Ainslie, Britain's youngest Olympic sailor as well as medallist, had been caught up in an aggressive attack on the twice world champion Scheidt in pre-start manoeuvres, terminated by the race officer. Then 56 competitors were recalled twice for going early, recalled again with a black flag and issued with a warning that anyone caught over the line would be instantly disqualified. At the fifth attempt, the axe fell.
Ainslie had seen the Brazilian pushed over the line for that first black flag start only to escape disqualification. Then Ainslie had been tempted over the line with him as he hounded and harried his man, Scheidt knowing that if they both went out he would have gold.
Up went the list of the nine disqualified boats, leaving Ainslie vulnerable to a win by the third-placed Moberg. But at the first mark Moberg was seventh, and still there at the second, and at the finish he had slipped down to 11th. Ainslie was safe.
After pulling back into the marina to sustained cheers from the rest of the British team, Ainslie said: "We had a really good battle before the start and I thought I was doing a good job. In the last start Scheidt deliberately went early. I had to go as well, because I knew if I gave him the start I probably wouldn't win the race so I had to go for it. I'm really happy with the silver, although in some ways a bit disappointed for it not to have been gold. I'll just have to go one better next time in Sydney."
Life was also hard on the match-race course where Andy Beadsworth, Barry Parkin and Adrian Stead took time to get into their stride in their quarter- final with Denmark's Stig Westergaard.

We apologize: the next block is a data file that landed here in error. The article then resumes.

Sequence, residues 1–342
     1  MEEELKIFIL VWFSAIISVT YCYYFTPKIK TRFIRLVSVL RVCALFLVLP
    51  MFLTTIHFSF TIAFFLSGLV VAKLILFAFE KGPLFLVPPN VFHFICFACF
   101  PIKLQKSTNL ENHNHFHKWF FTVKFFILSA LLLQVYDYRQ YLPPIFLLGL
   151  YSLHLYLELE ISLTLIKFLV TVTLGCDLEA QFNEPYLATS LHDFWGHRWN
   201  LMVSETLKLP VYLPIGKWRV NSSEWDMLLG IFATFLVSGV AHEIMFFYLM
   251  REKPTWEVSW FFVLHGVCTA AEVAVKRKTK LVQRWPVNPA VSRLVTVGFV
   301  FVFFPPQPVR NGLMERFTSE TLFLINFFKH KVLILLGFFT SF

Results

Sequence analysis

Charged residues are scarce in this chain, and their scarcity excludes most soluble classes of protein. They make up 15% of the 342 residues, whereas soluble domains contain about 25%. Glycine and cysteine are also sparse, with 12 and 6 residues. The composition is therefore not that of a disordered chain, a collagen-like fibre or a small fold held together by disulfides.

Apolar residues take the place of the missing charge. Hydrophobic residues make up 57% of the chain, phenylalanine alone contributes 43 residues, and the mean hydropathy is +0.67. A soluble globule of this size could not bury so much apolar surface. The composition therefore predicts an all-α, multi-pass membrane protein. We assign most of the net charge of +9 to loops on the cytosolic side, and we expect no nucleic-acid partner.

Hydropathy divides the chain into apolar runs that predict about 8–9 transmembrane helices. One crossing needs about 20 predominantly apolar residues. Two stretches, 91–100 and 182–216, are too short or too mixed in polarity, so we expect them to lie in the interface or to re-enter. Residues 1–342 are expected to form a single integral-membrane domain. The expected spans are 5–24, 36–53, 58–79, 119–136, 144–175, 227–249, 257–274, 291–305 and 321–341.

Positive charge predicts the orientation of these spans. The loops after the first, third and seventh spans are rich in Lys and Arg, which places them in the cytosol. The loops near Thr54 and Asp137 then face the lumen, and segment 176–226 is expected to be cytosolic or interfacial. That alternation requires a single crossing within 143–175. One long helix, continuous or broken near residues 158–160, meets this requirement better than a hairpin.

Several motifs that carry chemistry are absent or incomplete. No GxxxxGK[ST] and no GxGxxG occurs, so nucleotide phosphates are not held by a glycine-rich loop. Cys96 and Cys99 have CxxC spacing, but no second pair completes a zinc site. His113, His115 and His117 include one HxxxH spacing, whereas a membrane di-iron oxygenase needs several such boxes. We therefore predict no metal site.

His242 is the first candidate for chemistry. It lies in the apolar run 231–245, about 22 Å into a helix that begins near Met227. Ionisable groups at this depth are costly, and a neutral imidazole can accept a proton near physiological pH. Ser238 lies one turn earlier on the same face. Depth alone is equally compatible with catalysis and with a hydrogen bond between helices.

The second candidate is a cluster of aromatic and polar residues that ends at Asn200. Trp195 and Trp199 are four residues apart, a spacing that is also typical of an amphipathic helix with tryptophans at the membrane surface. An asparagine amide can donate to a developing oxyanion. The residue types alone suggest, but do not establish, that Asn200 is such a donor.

The 14-knot breeze was ideal for the Dane, who went into a 2-0 lead in the best of five, but Beadsworth is a marathon man. He pulled back to 2-2 and then came from behind on the second leg of the decider to overtake Westergaard downwind to earn a semi-final with the 1988 gold medallist, Jochen Schumann of Germany.
Russia's Georgi Shaiduko won the other quarter-final against Canada's Bill Abbott and meets the American Jeff Madrigali in the other semi.
Shirley Robertson came very close to securing a bronze in the Europe. The Scot needed to beat the American Courtney Becker-Dey by six places in their final race, but was third to Becker-Dey's sixth and finished fourth overall.
The gold went to Denmark's Kristine Roug, and the silver to Matilde Matthijsse of the Netherland's. Becker-Dey's bronze was the first sailing medal for the United States in a thin Games compared to the nine medals from 10 classes they won in Barcelona.Reuse content